Innate immunity is an ancient defense response that evolved with the earliest metazoan creatures, and is the first line of defense against microbial infection. These responses rely on the immediate recognition of microbes by germline-encoded receptors, and drive the production of numerous chemical, biological, and cellular responses to defend against infection. In the face of constant microbial assault, innate immunity is essential for the survival of nearly all multicellular organisms. On the other hand, over-exuberant or inappropriate innate immune responses are the underlying cause of morbidity and mortality associated with many infectious, autoimmune, and autoinflammatory diseases. Thus, a thorough mechanistic understanding of innate immunity has many potential applications in the development of the next generation of therapeutics. This proposal uses the fruit fly Drosophila melanogaster as a model for the study of innate immunity. Flies offer many advantages for the study of innate immunity, including experimental tractability and a model system without the complexity of the adaptive immune response. The Drosophila immune response is an excellent model for vector insect species, and discoveries made in flies are being translated into new approaches to control vector-borne diseases. Furthermore, many aspects of the innate immune responses are highly conserved with mammals, and discoveries made in flies can be translated into important, paradigm shifting, findings in mammals. Particularly relevant for this proposal are the conserved NF-?B and MAPK signaling pathways that drive the immediate response to infection, in both insects and mammals. In Drosophila, systemic microbial infections are recognized by two distinct NF-?B signaling pathways, the Toll and immune deficiency (IMD) pathways. Both of these pathways are triggered by microbial cell walls and drive the production of antimicrobial peptides and other immuno-protective molecules. In particular, the IMD pathway is triggered by DAP-type peptidoglycan from the cell wall of certain bacteria. The long-term objective of this proposal is to understand in molecular detail the mechanisms used by the IMD pathway to trigger effective immune responses.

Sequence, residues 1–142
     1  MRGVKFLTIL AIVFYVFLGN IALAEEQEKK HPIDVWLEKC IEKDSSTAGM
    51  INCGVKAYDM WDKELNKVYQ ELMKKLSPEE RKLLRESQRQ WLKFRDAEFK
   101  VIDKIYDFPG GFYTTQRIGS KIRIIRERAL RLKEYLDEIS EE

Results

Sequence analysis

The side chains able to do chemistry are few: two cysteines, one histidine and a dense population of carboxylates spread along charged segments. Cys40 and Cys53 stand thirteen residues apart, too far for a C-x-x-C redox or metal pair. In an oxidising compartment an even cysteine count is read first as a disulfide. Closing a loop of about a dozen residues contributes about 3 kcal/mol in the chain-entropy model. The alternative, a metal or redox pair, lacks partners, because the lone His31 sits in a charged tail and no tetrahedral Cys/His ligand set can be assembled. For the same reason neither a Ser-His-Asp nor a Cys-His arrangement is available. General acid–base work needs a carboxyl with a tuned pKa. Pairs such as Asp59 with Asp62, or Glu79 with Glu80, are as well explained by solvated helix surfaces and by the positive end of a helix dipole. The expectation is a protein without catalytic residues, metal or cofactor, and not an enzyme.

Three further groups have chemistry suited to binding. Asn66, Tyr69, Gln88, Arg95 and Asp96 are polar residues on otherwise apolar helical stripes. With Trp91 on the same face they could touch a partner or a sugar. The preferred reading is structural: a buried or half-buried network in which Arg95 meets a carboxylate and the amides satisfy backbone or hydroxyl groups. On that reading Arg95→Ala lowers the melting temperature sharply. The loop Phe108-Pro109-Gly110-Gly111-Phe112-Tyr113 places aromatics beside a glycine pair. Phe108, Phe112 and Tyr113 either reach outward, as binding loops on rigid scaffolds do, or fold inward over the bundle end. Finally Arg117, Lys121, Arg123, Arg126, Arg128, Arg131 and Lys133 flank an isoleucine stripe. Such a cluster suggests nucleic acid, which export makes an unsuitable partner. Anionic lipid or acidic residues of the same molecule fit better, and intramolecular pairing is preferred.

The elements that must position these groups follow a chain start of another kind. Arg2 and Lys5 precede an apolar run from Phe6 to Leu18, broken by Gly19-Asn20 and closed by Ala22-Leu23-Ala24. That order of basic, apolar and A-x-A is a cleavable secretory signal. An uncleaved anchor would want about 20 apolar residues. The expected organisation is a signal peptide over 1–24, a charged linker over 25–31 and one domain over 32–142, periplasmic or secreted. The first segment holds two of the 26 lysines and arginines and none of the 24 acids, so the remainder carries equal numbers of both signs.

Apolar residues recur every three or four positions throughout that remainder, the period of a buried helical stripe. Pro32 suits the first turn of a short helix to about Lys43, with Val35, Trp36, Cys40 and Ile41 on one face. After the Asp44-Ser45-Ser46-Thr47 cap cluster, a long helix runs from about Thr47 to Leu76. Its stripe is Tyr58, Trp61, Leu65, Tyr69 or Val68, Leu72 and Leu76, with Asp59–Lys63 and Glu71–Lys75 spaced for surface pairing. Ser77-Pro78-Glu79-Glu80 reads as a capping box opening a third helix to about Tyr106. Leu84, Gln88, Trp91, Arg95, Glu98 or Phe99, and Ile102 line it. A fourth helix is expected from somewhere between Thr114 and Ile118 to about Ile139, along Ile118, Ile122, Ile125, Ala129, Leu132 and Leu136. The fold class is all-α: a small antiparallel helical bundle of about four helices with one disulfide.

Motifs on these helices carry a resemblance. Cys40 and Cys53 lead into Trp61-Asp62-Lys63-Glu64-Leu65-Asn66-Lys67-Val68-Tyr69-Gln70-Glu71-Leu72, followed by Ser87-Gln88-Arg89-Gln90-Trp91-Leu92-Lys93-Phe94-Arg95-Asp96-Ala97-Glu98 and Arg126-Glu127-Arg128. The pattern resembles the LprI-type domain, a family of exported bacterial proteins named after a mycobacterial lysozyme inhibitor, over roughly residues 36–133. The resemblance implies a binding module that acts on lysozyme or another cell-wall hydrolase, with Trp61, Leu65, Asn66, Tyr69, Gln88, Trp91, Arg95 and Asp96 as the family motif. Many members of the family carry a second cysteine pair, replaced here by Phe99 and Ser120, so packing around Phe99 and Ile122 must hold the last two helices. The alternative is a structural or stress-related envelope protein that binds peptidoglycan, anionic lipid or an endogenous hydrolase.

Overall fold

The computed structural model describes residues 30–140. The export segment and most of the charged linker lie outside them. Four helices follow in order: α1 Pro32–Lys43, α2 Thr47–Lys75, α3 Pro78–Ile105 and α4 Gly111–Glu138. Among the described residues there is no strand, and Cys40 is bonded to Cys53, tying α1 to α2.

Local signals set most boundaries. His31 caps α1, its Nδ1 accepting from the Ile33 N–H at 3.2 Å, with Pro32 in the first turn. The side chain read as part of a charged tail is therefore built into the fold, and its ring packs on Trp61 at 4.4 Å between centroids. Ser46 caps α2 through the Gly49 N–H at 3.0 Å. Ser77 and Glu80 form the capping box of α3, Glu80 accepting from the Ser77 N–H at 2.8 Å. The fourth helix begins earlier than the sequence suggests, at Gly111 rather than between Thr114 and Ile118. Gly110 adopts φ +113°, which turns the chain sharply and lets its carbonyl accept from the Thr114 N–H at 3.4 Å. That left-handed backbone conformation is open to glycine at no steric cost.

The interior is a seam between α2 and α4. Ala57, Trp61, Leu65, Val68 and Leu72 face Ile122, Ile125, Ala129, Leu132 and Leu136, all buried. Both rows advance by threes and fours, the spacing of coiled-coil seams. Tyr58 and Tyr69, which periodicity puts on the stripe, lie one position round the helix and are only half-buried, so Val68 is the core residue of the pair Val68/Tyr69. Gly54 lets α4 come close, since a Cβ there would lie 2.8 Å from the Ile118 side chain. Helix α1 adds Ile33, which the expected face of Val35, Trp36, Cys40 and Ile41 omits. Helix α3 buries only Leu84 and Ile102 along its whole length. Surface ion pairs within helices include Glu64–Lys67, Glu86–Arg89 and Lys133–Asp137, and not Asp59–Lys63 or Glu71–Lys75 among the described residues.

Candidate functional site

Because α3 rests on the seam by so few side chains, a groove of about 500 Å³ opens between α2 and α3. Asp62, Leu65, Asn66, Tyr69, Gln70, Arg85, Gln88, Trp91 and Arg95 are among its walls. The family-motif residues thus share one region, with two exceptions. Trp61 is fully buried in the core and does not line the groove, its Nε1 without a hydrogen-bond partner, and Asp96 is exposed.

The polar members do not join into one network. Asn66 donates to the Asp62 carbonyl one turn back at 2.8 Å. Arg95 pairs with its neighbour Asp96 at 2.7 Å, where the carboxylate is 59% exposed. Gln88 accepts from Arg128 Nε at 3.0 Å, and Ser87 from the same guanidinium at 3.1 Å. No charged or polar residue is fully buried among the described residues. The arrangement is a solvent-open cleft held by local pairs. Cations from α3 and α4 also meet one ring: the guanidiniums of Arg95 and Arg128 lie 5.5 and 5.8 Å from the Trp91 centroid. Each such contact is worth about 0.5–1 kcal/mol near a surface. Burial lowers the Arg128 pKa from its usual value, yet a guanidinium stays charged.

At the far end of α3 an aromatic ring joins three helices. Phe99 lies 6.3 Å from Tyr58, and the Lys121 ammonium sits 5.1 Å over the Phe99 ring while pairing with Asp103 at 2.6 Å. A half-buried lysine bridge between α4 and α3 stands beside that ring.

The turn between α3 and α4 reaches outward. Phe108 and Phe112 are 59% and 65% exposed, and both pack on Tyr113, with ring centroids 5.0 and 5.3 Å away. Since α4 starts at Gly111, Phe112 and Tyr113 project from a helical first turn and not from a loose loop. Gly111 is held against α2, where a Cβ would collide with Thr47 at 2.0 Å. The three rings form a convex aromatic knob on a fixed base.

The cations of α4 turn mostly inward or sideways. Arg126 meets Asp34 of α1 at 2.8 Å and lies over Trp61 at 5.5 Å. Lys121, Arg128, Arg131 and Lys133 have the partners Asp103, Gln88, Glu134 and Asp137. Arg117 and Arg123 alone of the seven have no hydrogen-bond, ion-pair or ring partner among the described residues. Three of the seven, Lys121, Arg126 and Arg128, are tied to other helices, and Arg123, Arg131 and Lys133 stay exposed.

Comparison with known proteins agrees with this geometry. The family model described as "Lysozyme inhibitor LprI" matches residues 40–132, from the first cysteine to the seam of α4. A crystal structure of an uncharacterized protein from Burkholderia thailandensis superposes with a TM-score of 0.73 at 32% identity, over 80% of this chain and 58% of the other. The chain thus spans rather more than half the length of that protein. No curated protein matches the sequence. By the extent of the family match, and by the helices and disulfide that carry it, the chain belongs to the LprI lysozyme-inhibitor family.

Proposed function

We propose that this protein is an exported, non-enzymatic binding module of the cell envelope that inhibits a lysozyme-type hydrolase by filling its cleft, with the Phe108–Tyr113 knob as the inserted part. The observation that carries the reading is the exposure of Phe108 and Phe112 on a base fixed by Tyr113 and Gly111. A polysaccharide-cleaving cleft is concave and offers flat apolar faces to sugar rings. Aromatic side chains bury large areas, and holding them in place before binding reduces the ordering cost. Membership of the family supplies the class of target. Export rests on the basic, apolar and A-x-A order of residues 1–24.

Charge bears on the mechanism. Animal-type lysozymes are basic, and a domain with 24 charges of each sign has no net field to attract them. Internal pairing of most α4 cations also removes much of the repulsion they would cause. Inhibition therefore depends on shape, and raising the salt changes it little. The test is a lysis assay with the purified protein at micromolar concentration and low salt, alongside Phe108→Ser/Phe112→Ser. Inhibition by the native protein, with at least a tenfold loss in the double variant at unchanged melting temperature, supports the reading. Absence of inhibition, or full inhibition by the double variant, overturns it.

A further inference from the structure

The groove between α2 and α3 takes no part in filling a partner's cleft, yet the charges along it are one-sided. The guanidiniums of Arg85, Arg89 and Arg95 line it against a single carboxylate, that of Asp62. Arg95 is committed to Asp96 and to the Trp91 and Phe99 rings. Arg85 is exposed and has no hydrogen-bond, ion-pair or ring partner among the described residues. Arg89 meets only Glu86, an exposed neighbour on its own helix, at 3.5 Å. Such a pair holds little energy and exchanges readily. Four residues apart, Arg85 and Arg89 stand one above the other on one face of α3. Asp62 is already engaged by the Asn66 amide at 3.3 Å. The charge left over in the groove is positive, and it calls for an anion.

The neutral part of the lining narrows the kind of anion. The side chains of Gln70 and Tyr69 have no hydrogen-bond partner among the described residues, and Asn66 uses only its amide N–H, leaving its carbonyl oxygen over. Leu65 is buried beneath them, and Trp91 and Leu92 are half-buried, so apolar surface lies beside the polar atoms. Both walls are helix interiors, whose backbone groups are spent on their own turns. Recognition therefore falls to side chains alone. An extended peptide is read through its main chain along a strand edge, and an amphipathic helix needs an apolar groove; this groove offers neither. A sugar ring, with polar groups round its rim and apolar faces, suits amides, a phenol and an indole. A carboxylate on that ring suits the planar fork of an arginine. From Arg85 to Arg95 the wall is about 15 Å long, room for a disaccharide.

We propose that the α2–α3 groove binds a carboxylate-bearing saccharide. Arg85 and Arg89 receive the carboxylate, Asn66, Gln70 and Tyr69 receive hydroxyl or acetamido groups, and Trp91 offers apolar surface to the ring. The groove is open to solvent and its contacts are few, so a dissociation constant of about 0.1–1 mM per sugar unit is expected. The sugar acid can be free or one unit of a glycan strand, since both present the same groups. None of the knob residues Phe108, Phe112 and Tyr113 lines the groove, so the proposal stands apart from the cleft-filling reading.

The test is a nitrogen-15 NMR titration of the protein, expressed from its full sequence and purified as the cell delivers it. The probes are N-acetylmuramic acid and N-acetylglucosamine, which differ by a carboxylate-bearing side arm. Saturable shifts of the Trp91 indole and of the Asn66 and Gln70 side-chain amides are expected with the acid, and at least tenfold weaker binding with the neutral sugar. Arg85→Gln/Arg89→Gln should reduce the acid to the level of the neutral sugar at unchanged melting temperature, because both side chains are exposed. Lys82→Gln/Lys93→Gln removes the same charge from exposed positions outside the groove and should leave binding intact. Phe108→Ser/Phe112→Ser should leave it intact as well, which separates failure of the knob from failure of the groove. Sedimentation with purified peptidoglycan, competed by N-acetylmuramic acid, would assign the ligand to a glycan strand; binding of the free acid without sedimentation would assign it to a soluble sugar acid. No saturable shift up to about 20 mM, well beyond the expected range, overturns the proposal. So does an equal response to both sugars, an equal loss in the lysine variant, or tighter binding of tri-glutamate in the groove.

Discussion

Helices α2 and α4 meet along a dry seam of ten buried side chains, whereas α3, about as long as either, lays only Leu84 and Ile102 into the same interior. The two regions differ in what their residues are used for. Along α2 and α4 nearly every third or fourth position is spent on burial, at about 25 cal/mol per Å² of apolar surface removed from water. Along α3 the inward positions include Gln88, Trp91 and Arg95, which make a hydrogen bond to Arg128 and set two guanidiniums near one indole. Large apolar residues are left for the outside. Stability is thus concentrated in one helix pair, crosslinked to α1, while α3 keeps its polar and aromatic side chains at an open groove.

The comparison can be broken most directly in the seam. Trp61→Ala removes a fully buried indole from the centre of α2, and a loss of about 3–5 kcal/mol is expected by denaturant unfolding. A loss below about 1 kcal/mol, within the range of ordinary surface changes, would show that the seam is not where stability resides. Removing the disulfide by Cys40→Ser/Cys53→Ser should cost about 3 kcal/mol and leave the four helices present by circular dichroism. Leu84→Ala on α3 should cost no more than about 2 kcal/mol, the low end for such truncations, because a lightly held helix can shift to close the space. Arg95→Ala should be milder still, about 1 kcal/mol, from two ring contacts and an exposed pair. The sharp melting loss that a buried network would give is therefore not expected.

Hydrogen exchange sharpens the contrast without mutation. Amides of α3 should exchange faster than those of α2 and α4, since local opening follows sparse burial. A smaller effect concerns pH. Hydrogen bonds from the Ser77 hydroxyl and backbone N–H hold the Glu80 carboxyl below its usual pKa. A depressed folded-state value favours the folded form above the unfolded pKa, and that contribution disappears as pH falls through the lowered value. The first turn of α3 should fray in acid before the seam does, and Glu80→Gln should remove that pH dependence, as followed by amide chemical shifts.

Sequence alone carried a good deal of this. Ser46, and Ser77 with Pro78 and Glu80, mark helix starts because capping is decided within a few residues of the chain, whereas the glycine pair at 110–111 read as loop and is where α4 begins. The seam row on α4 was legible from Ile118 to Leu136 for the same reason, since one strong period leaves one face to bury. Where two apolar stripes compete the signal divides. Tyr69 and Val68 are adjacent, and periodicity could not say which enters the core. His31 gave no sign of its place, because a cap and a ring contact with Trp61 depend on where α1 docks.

The specific aims of this proposal address the molecular mechanisms involved in IMD signal transduction.
Aim 1 focuses on the mechanisms by which polyubiquitin chains control IMD signal transduction, with particular emphasis on the targets and types of ubiquitination as well as the function of these polyubiquitin chains.
Aim 2 investigates the dual mechanisms utilized by the Drosophila I?B kinase (IKK) to regulate activation of the NF-?B precursor Relish. A newly identified component of the IMD pathway, known as RYBP, is the focus of genetic and molecular analysis in Aim 3. RYBP is highly conserved, and Aim 3 additionally investigates the role of mouse and human RYBP homologs in mammalian innate immune signaling.
Innate immunity plays a critical role in nearly all infectious and autoimmune diseases, and is very similar in nearly all animals. Thus, we propose to investigate the innate immune system of the fruit fly Drosophila melanogaster and how it responds to bacterial infection. This research may have a direct and profound impact on continuing efforts to modulate the immune response in mosquitoes, in order to reduce the transmission of vector-borne diseases such as malaria or West Nile Virus. In addition, the discoveries from this research will also likely have direct relevance to similar innate immune pathways in humans.
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